Difference Between Contract Termination by Convenience vs FAR Termination for Cause ClauseThere are subtle differences between the government contract termination for convenience vs termination for default clause in federal government contracts decisions.

Contractors who incorrectly respond to termination by default or cause quickly find the painful and subtle differences, especially at the appeals stage. The same is true when the contractor does not submit his termination for convenience settlement proposal on time.

  • How you approach a FAR termination for cause vs convenience situation is critical to getting favorable versus unfavorable result.

In each situation, the government’s interest is different. In this type of contract termination, the government wants to terminate the contractor regardless of fault, and when it is in the “government’s interest.”

On the other hand, the government’s decision to issue a contract termination for cause (T4D) takes a totally different path.  A default situation is more damaging to your reputation and ability to conduct future business with the federal government if not handled correctly. In either situation, you should act immediately to protect your legal rights. Once a case gets closer to a FAR termination for cause clause and convenience, it is generally more difficult to reverse or properly negotiate.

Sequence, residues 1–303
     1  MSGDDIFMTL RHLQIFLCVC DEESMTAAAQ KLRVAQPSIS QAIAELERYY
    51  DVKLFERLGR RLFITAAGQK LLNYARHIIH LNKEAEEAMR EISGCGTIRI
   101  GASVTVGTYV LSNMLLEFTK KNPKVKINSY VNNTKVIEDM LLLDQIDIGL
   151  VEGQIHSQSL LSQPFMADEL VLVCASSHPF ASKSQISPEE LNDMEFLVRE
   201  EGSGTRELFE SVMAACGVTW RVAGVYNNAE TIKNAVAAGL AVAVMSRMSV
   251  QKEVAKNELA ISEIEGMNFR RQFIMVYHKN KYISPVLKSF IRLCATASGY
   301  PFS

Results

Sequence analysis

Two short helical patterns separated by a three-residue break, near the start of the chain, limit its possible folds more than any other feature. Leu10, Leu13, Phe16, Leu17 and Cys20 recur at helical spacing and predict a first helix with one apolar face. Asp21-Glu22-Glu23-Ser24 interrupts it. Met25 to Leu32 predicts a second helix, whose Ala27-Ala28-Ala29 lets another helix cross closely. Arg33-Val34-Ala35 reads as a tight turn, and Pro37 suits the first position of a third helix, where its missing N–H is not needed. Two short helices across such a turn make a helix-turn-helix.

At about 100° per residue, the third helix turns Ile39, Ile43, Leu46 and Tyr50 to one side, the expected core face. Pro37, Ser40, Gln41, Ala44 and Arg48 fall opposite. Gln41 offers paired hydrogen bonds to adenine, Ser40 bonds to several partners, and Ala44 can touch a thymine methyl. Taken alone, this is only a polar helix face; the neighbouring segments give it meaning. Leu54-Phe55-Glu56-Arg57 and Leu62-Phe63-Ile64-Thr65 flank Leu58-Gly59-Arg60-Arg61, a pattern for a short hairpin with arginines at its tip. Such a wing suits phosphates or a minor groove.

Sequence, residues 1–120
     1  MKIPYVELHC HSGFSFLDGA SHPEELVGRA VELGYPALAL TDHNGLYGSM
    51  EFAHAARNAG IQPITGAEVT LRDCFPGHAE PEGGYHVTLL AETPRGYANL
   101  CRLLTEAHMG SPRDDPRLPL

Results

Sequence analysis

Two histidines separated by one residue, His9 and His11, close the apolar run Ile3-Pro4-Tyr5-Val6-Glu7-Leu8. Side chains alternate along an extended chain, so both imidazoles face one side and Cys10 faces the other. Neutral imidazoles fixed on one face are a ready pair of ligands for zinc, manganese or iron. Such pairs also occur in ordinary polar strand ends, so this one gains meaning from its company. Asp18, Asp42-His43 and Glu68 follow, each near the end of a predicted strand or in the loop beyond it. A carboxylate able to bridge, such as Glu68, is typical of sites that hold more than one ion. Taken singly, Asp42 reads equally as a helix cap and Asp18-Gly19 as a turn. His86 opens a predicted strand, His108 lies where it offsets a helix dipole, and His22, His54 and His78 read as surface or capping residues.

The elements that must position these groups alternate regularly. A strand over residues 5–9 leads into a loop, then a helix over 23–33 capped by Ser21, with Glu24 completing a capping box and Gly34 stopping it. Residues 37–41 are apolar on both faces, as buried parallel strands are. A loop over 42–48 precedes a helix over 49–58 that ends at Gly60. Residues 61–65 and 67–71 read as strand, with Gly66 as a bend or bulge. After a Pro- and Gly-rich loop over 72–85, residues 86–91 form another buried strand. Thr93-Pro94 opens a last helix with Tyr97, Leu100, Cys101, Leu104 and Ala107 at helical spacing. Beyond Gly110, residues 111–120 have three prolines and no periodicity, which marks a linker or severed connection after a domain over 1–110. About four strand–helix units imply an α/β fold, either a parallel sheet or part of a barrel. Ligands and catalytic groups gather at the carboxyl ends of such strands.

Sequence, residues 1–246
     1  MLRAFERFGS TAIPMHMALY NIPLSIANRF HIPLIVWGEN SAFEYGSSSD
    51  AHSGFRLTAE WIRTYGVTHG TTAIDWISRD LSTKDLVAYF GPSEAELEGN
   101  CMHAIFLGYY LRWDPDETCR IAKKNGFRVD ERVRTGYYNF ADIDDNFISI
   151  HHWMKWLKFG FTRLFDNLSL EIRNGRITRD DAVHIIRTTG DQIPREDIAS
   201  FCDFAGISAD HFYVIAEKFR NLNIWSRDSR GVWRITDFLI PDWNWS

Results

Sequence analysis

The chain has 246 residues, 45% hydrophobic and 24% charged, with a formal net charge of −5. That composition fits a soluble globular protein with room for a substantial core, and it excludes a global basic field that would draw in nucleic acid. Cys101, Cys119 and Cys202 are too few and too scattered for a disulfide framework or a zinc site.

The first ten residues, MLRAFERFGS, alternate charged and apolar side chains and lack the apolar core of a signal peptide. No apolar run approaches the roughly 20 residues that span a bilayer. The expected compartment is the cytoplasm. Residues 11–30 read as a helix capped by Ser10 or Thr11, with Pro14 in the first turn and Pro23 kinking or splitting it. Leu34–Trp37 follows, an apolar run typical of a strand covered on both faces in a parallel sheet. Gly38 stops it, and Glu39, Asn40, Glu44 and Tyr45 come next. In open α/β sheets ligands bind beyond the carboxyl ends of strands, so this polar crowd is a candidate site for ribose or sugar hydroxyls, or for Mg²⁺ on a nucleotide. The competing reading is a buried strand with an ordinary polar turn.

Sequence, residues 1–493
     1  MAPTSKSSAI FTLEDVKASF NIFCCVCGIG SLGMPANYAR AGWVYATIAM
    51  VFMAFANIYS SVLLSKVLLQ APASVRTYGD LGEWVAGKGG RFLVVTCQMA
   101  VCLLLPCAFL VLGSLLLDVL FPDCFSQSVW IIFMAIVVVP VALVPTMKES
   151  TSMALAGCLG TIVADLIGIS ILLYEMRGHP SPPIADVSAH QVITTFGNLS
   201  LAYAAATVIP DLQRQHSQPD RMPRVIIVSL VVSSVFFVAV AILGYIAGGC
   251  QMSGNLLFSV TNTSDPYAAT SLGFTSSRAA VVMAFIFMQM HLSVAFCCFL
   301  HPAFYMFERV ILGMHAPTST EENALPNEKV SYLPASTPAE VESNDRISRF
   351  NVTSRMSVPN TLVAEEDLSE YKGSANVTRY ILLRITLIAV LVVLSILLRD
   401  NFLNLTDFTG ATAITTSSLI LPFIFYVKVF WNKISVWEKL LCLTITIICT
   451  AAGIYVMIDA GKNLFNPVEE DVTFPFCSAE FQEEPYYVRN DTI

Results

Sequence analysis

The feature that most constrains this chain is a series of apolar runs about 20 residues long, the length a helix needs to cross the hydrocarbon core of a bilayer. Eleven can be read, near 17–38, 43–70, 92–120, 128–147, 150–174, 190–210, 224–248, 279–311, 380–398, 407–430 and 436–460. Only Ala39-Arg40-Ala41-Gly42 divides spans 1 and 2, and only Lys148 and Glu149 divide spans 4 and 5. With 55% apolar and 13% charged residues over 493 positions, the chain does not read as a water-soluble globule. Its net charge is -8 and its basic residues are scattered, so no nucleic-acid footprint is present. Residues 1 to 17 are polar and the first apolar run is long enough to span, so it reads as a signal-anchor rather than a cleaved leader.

Basics of FAR 52.249-2 Termination for Convenience Clause

Termination for convenience reasons. (T4C Government Contracts)

A government contract termination for convenience (T4C) is substantially different than in the commercial sector. Under federal contract law, the federal government’s termination policy was intended to allow the parties to avoid further contract obligations when certain conditions occur. The CO can issue a termination notice when it is in the government’s  ‘best interest” regardless of whether contractors are at fault. What does that mean? The answer to that question remains vague.  Under FAR 52.249-2, Courts tend not to get into whether the government’s termination was in the interest of the government. Instead, it looks to see whether the decision was a reasonable one. Termination for convenience reasons include:

  • Mission changes
  • The agency no longer needs the requirements
  • Lack of funding

An important part of assessing whether the termination was lawful is to decide whether the government terminated the contract to get a better deal. If so, courts look at this very closely.

  • Not all contracts terminated by convenience decisions are legally valid.
  • The common question for contractors issue is what damages can they recover.
  • Your goal is to always maximize damages quickly after receiving the letter.
  • You must also mitigate damages because the government will try to reduce any payment if you do not.

What are your legal obligations? 

When the agency issues a contract termination notice, the Federal Acquisition Regulation imposes certain contractual obligations. For example, you must immediately stop the terminated work and immediately start to mitigate your damages. 

Termination For Convenience Compensation

The T4C Clause requires the government to compensate the contractor with specific statutory damages. In order to get the allowed damages, contractors must submit a government contract termination for convenience settlement proposal to the contracting officer within one year.

When deciding to submit your settlement proposal, you should pay special attention to the definition of allowable costs. Keep the following in mind.